And the Greatest of These is Hope
Jaroslav Pelikan

There is something audacious, even presumptuous, about labeling an entire series of lectures "Toward the Year 2000." Predictions about the future have long been notorious for being no more than projections into the future of the beliefs and prejudices of the prophet. Doubly is this true at a time such as ours. Changes that used to take decades or even centuries happen in a year or two. If one were to chart the graph of change in relation to the sequence of the years, it would surely describe a radical upswing during the first two thirds of this century, when the invention of the airplane in 1903, the formulation of the general theory of relativity in 1913, the work of Picasso and Joyce and Stravinsky, and the Second Vatican Council have all changed forever the world of thought and value that was current when this century began. Who would be so bold as to maintain that this acceleration of intellectual change will not itself be accelerated beyond recognition or prediction in the final third of the twentieth century?

Moreover, if anyone has the right to speak about the twenty-first century with confidence, it is probably not the historian of the development of Christian doctrine. With some outstanding exceptions, historians of any kind have a well-earned reputation as unreliable guides to the future. Even though they are chroniclers of the changes that have shaped the world of the present, they are, for some reason, not equipped by their scholarship to cope with the prospect that the future will bring not only further change, but perhaps the revision or even the rejection of some of the convictions and beliefs that have underlain all the changes of the past. It is one thing to describe the changes that have gone on within a given system of presuppositions; it is quite another thing to contemplate the possibility that these presuppositions will themselves be questioned and discarded as no longer fit to account for reality as man experiences it. The historian of Christian doctrine suffers from a special embarrassment; for the body of Christian belief and doctrine, whose changes in the church's past he seeks to analyze and record, is the very system of presuppositions that is now regarded as obsolete and superseded in its effort to describe the ways of God with his creation. If the task is to look "toward the year 2000," what right does a historian of doctrine or any other Christian theologian have to speak?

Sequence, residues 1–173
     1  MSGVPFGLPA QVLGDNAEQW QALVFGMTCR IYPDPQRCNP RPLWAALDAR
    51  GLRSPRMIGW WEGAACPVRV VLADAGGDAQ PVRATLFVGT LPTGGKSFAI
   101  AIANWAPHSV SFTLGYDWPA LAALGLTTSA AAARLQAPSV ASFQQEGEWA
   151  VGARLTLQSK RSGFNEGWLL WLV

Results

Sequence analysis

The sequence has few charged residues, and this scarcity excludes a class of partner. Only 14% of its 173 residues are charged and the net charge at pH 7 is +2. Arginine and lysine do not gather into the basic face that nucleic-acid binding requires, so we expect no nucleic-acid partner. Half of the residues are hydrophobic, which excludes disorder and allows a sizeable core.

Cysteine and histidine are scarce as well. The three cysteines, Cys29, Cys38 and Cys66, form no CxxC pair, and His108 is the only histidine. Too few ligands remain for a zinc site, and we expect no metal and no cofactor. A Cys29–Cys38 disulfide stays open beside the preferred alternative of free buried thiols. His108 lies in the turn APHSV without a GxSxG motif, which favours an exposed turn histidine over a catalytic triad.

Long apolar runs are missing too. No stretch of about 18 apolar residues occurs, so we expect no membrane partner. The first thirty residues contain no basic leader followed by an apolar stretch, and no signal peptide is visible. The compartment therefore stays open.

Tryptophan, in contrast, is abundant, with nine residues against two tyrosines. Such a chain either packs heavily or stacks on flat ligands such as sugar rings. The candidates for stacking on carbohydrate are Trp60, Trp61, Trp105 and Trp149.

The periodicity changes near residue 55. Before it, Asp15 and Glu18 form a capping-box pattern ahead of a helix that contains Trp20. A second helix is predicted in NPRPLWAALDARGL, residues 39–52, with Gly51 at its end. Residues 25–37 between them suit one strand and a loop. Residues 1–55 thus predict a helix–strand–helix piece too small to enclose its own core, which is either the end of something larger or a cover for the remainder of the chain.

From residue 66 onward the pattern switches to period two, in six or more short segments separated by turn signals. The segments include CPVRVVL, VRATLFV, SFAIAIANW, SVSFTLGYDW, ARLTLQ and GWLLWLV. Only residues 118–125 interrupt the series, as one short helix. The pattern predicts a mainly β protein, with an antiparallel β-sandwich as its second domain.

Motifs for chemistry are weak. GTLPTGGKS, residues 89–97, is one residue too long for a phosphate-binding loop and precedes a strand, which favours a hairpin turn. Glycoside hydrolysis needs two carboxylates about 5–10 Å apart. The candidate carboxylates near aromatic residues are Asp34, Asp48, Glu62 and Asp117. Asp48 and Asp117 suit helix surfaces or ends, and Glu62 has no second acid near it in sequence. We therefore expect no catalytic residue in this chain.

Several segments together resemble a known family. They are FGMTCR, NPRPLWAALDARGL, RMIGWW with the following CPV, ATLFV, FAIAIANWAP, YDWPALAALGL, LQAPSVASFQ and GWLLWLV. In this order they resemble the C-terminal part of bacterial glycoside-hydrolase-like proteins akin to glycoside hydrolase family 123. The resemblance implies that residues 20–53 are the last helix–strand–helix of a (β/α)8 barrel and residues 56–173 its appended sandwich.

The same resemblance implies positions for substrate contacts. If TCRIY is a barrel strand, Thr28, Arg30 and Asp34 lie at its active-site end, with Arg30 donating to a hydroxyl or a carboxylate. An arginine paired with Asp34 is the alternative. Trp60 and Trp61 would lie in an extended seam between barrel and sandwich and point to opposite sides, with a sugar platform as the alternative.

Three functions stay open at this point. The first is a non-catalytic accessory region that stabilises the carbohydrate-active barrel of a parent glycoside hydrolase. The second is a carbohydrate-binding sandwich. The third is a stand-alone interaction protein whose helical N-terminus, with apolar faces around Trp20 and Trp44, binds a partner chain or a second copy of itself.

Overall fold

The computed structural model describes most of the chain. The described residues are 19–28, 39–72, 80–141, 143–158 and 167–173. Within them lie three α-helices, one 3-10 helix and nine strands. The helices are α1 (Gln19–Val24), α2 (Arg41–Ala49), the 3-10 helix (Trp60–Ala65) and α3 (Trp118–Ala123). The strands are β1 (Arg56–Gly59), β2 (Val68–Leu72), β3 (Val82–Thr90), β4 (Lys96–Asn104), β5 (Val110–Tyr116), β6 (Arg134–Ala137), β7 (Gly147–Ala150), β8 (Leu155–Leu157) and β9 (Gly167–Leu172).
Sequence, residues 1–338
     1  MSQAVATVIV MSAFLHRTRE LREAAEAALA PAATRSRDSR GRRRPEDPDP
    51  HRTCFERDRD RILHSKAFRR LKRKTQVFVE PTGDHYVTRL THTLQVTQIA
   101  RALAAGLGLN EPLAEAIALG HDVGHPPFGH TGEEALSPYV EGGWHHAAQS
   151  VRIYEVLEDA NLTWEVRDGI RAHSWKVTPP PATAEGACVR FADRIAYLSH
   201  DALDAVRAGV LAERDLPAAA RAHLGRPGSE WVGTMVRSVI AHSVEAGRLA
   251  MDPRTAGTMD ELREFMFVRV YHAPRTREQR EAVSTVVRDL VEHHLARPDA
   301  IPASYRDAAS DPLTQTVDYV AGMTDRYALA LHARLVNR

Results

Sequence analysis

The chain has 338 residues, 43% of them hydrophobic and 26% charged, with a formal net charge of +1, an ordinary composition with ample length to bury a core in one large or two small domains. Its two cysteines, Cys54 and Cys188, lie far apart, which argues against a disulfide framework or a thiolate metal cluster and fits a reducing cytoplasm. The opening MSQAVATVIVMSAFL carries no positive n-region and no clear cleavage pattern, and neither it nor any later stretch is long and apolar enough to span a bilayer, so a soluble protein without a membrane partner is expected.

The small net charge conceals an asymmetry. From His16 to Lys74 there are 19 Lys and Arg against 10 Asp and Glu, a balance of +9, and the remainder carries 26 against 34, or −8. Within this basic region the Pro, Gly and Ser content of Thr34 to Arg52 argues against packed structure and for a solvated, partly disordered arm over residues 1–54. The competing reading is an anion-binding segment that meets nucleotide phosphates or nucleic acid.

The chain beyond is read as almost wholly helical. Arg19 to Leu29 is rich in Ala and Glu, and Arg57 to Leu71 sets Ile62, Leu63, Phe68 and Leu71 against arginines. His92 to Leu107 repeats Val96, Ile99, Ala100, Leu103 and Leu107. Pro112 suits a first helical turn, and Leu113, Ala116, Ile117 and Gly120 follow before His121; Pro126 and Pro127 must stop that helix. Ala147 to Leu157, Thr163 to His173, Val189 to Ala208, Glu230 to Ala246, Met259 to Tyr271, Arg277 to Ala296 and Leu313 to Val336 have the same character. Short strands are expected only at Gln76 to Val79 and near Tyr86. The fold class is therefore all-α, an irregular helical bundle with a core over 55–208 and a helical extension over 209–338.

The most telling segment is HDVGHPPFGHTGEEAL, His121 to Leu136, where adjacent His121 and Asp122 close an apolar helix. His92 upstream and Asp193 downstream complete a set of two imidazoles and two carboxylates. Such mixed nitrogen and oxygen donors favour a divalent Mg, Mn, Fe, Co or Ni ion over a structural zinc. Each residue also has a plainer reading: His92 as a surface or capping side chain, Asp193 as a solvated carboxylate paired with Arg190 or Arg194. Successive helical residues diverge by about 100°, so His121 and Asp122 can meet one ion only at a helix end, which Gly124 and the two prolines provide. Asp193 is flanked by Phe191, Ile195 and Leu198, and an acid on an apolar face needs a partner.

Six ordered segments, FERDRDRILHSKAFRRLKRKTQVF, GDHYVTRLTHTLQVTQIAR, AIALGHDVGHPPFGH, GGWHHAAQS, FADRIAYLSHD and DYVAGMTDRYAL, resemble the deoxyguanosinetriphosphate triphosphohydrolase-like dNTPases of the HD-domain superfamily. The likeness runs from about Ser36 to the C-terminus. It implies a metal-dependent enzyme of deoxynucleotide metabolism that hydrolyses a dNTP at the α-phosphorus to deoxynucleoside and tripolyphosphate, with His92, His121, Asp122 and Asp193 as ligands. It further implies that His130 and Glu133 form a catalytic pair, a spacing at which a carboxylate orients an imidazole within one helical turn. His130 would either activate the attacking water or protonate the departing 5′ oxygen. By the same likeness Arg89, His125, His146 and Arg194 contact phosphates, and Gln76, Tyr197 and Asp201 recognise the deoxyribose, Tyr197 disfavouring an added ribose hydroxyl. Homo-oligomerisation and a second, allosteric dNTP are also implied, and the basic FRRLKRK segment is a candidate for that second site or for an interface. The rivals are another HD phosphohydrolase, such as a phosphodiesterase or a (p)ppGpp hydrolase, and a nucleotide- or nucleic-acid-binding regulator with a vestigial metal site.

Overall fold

That challenge has been addressed to Christian theology with mounting stridency since the seventeenth century, when the new man of the Enlightenment first became aware of his powers and began to question the need for grace to supplement nature or for revelation to supply what human reason could not discover for itself. Confident of the powers of reason to draw the plans for "the heavenly city of the eighteenth-century philosophers" and of the capacity of the human spirit to build that city, rationalists such as Thomas Jefferson and Edward Gibbon found the supernatural content of the Christian faith increasingly irrelevant to their conception of the future and to their hope for achieving it. During most of the period that has styled itself "modern," the Christian message has been attacked as excessively gloomy and pessimistic, with all its talk about sin, hell, and the wrath of God. Nothing seemed to make less sense than the apocalyptic language of the Old and New Testaments, for the future was shiny enough by itself, without having to be illumined by the brightness of the great day of the Lord.

That mood has been fundamentally transposed during the first two thirds of the twentieth century. Now the Christian message is being attacked as excessively optimistic and comforting, with all its talk about grace, heaven, and the life everlasting. It is not the Christian message that has changed; it is the temper of the times. Grace and the forgiveness of sins used to seem unnecessary; not they seem impossible, and the Gospel is too good to be true. Thus the apocalyptic language of the Bible has begun to make a grim kind of sense—not as the harbinger of hope, which it was for earlier Christian believers, but as the voice of doom. The reverse Utopias of Huxley and Orwell bespeak a loss of appetite for the future, a failure of the capacity to hope, a paralysis of expectation. The paralyzing apocalypticism of our time has elevated to a dominant position some of the very accents in Christian thought that seemed permanently obsolete at the turn of the century, even as it has turned away both from the Christian expectation of the life of the age to come and from its secular counterpart, the doctrine of progress.